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Capital Audiofest 2023

12-27-2023 | By Scott Dorsey | Issue 131

It's that time of year again and the Capital Audiofest has come around and an awful lot of people went to it. An awful lot of people; it was just packed in the hallways and some of the more popular demo rooms were pretty solid. I went, but because it was so big and so busy I didn't get to see half of what I wanted to see, so if I missed something that you think is important I'm sorry.

Let me explain first that the Audiofest is a high-end audio show in the Washington DC area which brings in people from across the country. It is so important to actually listen to different audio systems, whether or not you ever intend on buying them, just to get and keep a sense of what is out there and what is possible. As much as I think Positive Feedback is a great forum, I think making decisions on audio systems based on what some reviewer says is a bad idea. You have to listen to stuff and the Audiofest is a place where you can listen to a lot of different systems in a short period of time, even if not necessarily in the best situations.

This is just a quick overview of what I had a chance to see. At the Audiofest, there are a lot of rooms and a few of them are run by manufacturers showing off a single manufacturer's products. A couple of them are run by distributors and showed off the various products those distributors carried. Most of them, however, were run by individual dealers and showed systems that were set up by those dealers to show off their lines. I'm going to talk in this article about products, not about dealers, manufacturers, or distributors for the most part. It's not always easy to find a particular product at the show and sometimes I could find something but it was part of a system that was so odd that I couldn't tell much about it.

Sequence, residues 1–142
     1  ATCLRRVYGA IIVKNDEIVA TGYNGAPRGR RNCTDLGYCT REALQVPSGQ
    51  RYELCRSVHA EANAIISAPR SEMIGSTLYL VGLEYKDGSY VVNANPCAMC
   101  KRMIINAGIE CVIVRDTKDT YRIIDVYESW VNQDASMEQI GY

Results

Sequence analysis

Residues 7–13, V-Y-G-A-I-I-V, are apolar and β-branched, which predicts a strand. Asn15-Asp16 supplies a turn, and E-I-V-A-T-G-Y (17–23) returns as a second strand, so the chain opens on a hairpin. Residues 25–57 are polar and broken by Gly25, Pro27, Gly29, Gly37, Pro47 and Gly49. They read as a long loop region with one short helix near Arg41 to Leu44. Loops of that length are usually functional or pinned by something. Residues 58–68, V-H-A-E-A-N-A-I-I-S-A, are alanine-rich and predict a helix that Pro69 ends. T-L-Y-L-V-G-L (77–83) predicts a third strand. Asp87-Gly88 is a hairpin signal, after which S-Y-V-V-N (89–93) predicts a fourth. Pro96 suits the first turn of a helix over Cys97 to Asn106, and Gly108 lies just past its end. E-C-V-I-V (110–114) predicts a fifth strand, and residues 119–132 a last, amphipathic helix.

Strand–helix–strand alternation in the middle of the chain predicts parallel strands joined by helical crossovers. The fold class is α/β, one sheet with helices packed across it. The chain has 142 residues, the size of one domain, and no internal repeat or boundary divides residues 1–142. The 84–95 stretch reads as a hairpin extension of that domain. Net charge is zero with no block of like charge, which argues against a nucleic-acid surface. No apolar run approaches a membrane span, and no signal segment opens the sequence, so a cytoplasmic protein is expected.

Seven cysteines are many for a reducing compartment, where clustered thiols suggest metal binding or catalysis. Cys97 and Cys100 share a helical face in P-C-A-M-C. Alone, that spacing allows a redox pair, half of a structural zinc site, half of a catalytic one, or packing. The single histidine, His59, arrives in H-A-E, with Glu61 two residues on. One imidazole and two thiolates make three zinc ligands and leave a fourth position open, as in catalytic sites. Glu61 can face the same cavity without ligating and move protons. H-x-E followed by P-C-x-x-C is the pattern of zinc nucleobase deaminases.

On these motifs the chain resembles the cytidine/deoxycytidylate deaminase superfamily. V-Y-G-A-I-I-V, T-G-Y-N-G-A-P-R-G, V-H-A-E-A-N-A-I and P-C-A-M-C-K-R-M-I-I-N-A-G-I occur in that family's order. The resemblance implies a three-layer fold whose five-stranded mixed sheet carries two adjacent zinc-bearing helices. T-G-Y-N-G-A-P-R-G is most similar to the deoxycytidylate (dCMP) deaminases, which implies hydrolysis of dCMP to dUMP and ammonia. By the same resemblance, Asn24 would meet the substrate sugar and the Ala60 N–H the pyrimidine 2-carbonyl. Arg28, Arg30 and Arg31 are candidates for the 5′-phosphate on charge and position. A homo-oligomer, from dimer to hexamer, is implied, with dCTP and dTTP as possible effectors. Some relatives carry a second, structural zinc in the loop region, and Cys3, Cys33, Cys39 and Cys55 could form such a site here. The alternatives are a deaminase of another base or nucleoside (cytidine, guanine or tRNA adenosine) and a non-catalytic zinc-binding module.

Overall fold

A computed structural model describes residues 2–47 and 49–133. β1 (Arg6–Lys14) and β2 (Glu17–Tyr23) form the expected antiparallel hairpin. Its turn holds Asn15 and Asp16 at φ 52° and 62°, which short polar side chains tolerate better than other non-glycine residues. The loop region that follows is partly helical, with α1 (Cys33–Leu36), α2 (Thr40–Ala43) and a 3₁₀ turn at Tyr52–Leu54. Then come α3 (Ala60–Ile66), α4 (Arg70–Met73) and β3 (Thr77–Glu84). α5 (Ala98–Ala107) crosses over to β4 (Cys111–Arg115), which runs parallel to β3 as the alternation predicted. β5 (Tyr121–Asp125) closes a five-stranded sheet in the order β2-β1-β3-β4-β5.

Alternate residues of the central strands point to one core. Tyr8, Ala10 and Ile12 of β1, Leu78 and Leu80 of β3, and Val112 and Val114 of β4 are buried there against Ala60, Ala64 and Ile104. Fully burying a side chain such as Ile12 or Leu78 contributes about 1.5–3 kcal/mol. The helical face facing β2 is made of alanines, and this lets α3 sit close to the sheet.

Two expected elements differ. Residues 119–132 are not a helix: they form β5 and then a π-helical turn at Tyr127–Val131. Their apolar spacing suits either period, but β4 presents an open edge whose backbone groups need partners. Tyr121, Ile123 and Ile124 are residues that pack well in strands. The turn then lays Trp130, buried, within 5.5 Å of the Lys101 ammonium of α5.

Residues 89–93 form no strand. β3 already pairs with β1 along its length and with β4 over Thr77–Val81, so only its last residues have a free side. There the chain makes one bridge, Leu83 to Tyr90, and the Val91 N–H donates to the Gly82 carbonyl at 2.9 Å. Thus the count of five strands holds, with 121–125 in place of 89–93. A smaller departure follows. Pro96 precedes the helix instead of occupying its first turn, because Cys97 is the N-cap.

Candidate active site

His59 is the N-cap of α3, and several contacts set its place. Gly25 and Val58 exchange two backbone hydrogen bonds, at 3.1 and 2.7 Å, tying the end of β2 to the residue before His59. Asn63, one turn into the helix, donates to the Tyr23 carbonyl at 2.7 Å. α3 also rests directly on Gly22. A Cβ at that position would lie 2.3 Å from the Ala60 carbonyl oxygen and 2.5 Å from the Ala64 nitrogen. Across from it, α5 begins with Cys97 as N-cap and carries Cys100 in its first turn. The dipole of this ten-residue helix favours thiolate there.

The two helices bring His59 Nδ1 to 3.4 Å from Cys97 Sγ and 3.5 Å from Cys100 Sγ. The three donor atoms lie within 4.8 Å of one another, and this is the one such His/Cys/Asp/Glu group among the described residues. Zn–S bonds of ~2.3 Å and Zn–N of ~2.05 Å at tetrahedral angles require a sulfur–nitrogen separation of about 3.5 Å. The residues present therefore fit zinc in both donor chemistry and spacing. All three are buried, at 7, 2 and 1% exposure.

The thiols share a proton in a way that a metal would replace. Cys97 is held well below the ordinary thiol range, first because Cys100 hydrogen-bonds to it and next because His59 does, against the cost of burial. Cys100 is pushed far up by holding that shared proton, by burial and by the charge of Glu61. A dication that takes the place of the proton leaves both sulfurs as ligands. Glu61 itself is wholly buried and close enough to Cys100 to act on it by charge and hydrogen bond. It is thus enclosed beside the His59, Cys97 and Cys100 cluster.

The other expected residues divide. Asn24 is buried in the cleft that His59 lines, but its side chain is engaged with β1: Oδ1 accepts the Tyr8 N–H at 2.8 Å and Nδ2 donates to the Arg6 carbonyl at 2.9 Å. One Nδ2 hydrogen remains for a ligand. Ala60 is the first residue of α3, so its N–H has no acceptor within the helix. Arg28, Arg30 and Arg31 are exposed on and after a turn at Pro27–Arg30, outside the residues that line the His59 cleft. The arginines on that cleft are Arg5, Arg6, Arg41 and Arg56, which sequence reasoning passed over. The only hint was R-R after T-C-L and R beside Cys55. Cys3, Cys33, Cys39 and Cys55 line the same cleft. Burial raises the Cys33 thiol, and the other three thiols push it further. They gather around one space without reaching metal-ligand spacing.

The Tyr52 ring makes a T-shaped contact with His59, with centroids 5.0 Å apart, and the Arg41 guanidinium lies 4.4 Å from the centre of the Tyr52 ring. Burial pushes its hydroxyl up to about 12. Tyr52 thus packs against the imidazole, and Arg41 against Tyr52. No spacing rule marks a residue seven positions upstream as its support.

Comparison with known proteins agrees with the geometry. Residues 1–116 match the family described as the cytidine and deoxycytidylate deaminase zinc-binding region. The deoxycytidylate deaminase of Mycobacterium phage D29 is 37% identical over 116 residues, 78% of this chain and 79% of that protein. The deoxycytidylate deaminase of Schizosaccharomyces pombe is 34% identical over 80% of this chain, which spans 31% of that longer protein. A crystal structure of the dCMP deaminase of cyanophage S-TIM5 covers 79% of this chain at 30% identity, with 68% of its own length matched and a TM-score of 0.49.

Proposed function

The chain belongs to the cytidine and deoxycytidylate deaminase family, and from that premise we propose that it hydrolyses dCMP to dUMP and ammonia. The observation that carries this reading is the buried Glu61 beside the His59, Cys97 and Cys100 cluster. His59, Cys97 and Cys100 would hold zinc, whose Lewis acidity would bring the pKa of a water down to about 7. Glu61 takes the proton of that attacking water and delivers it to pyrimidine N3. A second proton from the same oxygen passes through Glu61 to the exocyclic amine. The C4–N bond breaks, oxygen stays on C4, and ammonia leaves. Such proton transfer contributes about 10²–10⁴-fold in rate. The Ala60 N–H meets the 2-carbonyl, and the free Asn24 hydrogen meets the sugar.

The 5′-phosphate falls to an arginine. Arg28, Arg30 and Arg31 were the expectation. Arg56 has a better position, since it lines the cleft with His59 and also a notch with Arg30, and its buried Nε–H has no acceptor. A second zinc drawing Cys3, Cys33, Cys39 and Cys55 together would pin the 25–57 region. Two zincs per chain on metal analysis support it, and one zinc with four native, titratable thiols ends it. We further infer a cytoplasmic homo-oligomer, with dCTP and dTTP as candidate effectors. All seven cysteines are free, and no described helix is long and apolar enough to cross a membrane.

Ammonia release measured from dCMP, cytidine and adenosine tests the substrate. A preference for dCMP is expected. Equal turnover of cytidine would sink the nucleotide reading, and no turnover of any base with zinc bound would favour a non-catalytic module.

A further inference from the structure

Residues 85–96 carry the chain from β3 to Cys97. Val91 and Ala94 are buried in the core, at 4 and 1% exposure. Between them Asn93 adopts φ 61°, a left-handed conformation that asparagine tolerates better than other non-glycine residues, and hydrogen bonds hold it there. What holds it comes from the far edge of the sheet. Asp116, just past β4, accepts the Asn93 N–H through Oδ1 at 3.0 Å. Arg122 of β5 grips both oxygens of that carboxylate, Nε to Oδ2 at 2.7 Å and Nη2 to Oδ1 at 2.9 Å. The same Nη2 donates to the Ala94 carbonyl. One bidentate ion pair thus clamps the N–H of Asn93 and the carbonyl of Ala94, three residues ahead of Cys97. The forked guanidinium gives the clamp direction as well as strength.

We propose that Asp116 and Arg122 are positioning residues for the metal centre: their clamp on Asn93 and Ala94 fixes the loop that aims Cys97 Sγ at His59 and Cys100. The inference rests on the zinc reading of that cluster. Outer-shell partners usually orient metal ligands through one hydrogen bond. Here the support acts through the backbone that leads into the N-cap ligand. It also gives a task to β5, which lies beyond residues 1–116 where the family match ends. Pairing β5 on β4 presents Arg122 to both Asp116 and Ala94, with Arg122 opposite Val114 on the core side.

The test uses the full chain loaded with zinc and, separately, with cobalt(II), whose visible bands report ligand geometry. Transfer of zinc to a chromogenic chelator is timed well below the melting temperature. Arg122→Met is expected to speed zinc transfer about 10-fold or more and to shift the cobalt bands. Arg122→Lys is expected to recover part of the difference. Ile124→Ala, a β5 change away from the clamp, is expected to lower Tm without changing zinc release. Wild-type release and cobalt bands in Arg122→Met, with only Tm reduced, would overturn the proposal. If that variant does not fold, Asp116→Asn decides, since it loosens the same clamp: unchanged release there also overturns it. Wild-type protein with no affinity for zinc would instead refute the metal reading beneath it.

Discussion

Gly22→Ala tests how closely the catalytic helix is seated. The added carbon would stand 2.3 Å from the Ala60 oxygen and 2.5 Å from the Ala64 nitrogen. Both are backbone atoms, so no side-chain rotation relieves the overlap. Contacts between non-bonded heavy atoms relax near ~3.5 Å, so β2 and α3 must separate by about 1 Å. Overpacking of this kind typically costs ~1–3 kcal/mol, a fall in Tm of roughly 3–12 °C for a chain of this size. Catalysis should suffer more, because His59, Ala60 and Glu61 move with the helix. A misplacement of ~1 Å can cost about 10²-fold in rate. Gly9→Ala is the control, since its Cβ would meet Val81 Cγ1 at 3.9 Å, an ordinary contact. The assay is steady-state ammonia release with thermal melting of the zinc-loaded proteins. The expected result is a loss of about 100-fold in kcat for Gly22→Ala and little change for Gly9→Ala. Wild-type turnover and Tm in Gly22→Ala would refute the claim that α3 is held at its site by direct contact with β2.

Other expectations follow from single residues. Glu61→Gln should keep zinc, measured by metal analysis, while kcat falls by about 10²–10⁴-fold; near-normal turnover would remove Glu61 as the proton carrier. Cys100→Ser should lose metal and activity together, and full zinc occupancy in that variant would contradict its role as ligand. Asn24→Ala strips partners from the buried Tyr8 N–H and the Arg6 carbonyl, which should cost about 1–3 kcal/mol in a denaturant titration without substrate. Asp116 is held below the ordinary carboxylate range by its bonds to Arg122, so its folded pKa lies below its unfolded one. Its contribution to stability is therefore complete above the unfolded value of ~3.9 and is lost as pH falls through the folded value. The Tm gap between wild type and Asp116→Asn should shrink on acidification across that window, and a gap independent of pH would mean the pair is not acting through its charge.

I will say also that there was very little actually great sound at the show. A lot of this had to do with the rooms; most of the dealer demos were in hotel rooms that were almost cubical and were acoustical nightmares. Very few of the dealers made any attempt to do any room treatment to deal with the room problems, and I never saw any of them with the kind of aggressive bass trapping that is required. There were products that I knew sounded great, in demos that sounded terrible. So I am not going to make a lot of sonic evaluations in this article because I was in very few situations where I could. But I can tell you about what I wanted to go back and listen to.

There were also some very odd-sounding things at the show occasionally, like a full-range speaker system that sounded for all the world like a 1950s table radio. I'm not going to mention systems like this because bad sound is not interesting. If you want to hear about bad-sounding systems, there are all sorts of car audio magazines you can read instead.

So what did I see and like? Let me put them in a few categories:

The Future

Remember back in the seventies when everybody bought a receiver? It was an integrated amplifier with a tuner and you could listen to music off the radio alone or you could add a tape deck and a turntable and listen to other sources too.